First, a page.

Arrest made in golf cart hit-and-run at ACE Group Classic

The mangled golf cart is the result of a hit-and-run accident at The Quarry on Sunday night following the ACE Group Classic. This photo is courtesy of North Naples Fire Capt. Chuck Bacon.

The mangled golf cart is the result of a hit-and-run accident at The Quarry on Sunday night following the ACE Group Classic. This photo is courtesy of North Naples Fire Capt. Chuck Bacon.

Video from NBC-2

— It was Valentine’s Day evening when the dust settled on a North Naples parking lot revealing a crumpled golf cart that looked as though it had been in a crash. A red sport utility vehicle was driving away.

This was the scene described by a witness, Michael Surgen, in a taped interview with the State Attorney’s Office.

It happened the night of the ACE Group Classic golf tournament at the Quarry residential community on Immokalee Road.

Surgen had, just minutes before the crash, been riding in a red SUV with the man accused of causing the crash, Michael Joyner.

The two, among others, had been at the club house bar, where 25 minutes before the crash, Joyner signed a receipt for four beers. Joyner had just dropped Surgen off at his car.

At 7:14 p.m., a head-on crash with a red SUV sent three golf cart occupants flying. The golf cart had been pushed back about 80 feet.

The accounts of the night are according to a three-page affidavit signed by John Neiderhiser, a Collier County Sheriff’s Office investigator. The statement was filed in county court along with a warrant for Joyner’s arrest issued on Monday.

By Tuesday, Joyner, a 53-year-old insurance man, had turned himself in and was arrested on charges of leaving the scene of a crash with personal injury, a third-degree felony punishable by up to five years in prison.

Joyner appeared via video from jail at a first hearing, which reduced his $50,000 bond by half.

At that hearing, Joyner’s attorney, Jerry Berry, asked Judge Mike Carr to reduce the amount needed to release his client from jail.

“We agree that there’s probable cause in this case,” Berry said. He went on to outline reasons why Joyner was not a flight risk: he owns a business, he has two grown children, he’s never been in trouble before. “I think $50,000 bond on a third degree felony is awfully high.”

The judge agreed and set bail for $25,000.

Joyner’s 5-foot 11-inch frame draped in an orange jumpsuit stood, hands behind his back, in the jail facility. His image was piped in and shown on a courtroom TV.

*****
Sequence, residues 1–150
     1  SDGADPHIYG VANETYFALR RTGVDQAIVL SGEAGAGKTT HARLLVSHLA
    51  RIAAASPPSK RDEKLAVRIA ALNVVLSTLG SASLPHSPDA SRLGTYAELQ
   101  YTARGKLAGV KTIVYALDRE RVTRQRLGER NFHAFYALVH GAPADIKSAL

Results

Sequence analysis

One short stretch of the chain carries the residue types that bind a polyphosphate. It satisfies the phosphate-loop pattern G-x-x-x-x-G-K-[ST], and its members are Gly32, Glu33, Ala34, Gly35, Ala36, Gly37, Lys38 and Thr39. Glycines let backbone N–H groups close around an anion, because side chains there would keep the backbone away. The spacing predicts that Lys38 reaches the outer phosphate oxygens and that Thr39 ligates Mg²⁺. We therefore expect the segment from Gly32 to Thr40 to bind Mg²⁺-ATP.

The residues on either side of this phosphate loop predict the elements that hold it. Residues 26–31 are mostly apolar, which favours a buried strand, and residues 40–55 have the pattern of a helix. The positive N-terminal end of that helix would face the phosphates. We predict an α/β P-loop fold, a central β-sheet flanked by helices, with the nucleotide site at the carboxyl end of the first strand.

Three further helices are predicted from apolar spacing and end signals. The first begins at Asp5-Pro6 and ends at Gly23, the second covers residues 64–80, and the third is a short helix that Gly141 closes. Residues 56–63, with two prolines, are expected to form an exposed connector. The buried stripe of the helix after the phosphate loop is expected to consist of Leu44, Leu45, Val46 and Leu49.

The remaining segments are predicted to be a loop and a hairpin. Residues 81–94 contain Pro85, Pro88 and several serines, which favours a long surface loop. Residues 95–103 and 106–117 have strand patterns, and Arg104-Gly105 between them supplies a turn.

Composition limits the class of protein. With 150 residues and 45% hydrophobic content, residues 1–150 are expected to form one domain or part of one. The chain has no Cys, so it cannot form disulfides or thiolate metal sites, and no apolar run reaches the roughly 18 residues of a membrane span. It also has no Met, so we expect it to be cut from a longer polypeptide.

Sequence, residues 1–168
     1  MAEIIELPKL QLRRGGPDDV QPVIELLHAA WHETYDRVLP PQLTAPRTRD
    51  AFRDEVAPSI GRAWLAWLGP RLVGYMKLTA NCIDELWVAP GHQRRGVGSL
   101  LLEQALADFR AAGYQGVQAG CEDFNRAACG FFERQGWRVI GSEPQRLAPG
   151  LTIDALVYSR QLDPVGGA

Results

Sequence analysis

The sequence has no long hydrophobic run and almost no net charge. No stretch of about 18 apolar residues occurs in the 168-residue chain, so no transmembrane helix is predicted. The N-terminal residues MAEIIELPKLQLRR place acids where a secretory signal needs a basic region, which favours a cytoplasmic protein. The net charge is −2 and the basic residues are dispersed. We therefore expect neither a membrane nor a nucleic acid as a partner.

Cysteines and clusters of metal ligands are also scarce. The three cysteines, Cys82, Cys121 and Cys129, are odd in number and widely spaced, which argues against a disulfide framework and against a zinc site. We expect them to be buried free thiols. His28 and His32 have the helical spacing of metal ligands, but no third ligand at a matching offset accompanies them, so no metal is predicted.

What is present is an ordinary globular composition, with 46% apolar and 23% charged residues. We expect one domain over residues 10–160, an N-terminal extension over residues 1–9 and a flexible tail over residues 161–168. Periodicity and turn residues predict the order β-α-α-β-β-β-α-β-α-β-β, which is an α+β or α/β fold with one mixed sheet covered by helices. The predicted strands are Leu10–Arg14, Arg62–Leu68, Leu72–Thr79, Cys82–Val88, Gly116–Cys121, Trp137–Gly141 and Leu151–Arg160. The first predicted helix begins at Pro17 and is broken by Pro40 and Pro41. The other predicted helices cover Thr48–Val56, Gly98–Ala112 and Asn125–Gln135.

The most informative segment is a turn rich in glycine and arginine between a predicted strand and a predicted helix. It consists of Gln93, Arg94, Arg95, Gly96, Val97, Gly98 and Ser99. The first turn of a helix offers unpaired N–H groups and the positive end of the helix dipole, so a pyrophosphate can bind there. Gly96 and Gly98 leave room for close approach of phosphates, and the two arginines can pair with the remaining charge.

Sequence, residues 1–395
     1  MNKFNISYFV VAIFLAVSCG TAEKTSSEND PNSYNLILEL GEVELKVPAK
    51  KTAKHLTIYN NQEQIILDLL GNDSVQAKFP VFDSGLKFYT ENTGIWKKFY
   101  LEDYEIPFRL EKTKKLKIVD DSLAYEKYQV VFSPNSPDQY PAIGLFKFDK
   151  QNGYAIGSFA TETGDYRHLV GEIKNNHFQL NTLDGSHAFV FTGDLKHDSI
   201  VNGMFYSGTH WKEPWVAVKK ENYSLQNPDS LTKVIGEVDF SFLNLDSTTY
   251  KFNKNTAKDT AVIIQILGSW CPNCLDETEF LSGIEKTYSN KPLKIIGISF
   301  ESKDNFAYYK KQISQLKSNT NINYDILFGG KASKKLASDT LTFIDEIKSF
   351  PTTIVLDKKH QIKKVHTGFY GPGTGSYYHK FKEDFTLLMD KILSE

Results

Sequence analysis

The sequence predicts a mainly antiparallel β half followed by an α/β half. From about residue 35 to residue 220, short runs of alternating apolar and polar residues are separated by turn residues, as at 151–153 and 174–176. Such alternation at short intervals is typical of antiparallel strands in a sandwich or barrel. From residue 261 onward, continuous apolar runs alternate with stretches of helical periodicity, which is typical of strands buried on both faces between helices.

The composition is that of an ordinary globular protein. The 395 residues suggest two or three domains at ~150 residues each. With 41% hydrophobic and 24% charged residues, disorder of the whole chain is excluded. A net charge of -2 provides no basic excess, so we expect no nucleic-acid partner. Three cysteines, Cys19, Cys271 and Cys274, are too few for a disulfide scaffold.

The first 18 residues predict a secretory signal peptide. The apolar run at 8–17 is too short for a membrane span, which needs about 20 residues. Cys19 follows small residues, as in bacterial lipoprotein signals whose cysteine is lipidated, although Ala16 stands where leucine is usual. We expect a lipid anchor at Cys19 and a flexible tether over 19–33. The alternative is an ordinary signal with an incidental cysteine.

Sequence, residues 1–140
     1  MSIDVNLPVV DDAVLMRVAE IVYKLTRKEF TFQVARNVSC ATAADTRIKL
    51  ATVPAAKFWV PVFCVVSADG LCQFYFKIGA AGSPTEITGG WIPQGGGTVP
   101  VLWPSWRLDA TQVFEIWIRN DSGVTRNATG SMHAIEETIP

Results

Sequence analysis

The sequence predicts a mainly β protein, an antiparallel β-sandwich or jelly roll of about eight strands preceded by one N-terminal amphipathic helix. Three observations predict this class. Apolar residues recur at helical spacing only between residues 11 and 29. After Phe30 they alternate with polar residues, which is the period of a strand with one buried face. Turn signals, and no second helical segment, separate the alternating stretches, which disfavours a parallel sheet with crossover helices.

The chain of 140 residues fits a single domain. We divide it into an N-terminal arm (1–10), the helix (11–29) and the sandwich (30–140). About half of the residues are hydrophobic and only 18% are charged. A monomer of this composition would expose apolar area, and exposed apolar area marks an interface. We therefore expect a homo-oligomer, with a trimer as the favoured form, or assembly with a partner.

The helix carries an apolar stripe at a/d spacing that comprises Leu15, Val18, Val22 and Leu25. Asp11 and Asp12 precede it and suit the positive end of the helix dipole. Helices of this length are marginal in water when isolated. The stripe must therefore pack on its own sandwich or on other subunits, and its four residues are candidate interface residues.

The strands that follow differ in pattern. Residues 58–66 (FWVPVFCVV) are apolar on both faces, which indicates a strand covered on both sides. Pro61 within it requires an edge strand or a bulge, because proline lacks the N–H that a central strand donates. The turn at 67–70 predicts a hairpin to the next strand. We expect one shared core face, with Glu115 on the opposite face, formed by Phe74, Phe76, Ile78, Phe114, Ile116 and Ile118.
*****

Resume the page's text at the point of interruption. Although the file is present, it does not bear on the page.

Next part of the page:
Joyner was expected to post bail Wednesday night, Berry said.

Neither Joyner nor his attorney said Joyner was driving the SUV the night of the crash, but officials had suspected Joyner almost immediately.

According to the affidavit, on the night of the crash, Joyner’s wife, Bonnie Joyner, “drew attention to her intoxication” at the club house where the couple had been and asked the club house staff to call her a taxi.

She had been on her cell phone saying her husband had just been in an accident and she needed a ride home, the report said.

“See, I told you I heard a thump and something happened,” she said, looking toward the emergency lights that had arrived at the accident scene, Neiderhiser reported.

Two days later, investigators traced her taxi-cab ride to the Joyner residence at 3729 Pino Vista Way, Estero, where the man suspected of being behind the wheel during the crash answered the door.

Neiderhiser asked to see the vehicle and Joyner, after calling his lawyer, opened his neighbor’s garage showing a 2007 red Chevrolet Tahoe with damage “consistent with those left at the scene of the crash,” the statement said.

The investigation showed that, at one time, part of the grill from the crash scene had been attached to Joyner’s vehicle and crash data retrieval from the car showed an “event with a vehicle speed of 38 mph.”

But reports have said a driver can’t be prosecuted without a “wheel witness,” someone who placed Joyner behind the wheel.

Sheriff’s spokeswoman Michelle Batten acknowledged the investigator still did not have such a witness. However, “It would be up to the State Attorney’s Office to determine the importance of the wheel witness,” she said.

That office’s spokeswoman, Samantha Syoen, said they believe they have the evidence they need to make the case.

“If the evidence is not there, we cannot agree to a warrant,” she said.

But it’s been more than eight months since the crash sent three people to the hospital.

The Sheriff’s Office submitted its request for a warrant in May. When asked why it has taken five months to sign off on the warrant, Syoen said the office had been working with the Sheriff’s Office to gather more information. She declined to specify what information had been lacking.

For Berry, the time lapse shows one thing.

“When it takes a long time, it means they have to piece the case together,” he said. Though he declined to say whether or not that boded well for his client.

Victim Jack Timothy Justice, then 51, who had been driving guests David and Diane Shaefer, 61 and 56 at the time, to their vehicle, could not be reached for comment. All three had been hospitalized for weeks and Justice was pieced back together with titanium rods in his legs and arm.

Justice eventually sued Joyner and others, including the golf event’s sponsor.

“Mr. Justice almost died,” said his attorney Mark Weinstein in an earlier report. “He’s lucky to be alive.”

Formal charges may be filed before or at Joyner’s arraignment schedule for 8:15 a.m. Nov. 29.

© 2010 marconews.com. All rights reserved. This material may not be published, broadcast, rewritten or redistributed.

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